For the German violinist, Khachaturian’s Violin Concerto opened the doors to 20th-century repertoire – and with it, whole new sound worlds
The following is an extract from the ‘Sentimental Work’ column in The Strad’s November 2017 issue – to read the full article download the issue on desktop computer or via the The Strad App, or buy the print edition
Whereas in Mozart you have to be quite delicate at all times, I found that Khachaturian allows you to put in all the energy you like, and really go for it! There’s so much fire it’s quite exhausting – there are so many long passages with lots of vibrato and intense left-hand work. The first and second movements are filled with passion and emotion, while the last movement is very light and has the character of a dance. As well as being a lot of fun, the piece inspired me to discover the other great concertos of the 20th century – Prokofiev, Hindemith, Britten and so on.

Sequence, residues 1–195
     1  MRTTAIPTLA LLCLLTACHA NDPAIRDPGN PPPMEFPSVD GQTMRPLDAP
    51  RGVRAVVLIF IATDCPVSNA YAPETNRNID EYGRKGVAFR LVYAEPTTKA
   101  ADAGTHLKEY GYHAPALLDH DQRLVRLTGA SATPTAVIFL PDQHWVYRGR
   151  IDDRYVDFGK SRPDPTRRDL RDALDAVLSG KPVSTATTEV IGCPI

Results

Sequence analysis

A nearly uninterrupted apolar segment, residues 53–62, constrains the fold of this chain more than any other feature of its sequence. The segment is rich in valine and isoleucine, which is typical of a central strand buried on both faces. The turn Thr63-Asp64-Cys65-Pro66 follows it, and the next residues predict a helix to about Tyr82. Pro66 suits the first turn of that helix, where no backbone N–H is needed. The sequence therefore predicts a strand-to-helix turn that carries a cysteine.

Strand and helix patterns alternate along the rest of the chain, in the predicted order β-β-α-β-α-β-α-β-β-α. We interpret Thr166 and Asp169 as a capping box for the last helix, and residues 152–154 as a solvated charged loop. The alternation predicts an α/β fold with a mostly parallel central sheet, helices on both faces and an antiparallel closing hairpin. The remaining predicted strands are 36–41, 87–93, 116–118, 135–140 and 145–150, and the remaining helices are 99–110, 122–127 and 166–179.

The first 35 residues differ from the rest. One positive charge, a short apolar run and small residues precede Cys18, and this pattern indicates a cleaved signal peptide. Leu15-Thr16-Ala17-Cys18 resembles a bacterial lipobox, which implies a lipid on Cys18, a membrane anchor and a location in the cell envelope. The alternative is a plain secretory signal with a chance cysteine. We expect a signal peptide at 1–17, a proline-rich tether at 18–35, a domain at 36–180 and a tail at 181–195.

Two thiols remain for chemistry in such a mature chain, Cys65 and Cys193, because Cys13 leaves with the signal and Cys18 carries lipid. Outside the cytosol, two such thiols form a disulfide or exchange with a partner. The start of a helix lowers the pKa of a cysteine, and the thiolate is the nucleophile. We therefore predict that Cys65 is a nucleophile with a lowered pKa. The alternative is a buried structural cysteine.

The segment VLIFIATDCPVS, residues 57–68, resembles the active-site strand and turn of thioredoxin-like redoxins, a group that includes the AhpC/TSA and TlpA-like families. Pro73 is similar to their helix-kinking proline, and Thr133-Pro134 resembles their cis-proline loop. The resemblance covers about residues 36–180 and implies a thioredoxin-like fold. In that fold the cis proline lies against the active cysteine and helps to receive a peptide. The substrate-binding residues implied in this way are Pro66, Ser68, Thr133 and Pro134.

I would say that the Khachaturian is an excellent concerto to help students improve their technique, but they need to understand that there are no short cuts to playing it! I’ve sometimes noticed a feeling among young players that they don’t have to play every single note, because they think listeners won’t notice anyway – nothing could be further from the truth. With a piece like this in particular, one with so many unusual sequences that require such specific techniques, respecting the notes is important not only for the fingers but for understanding the piece.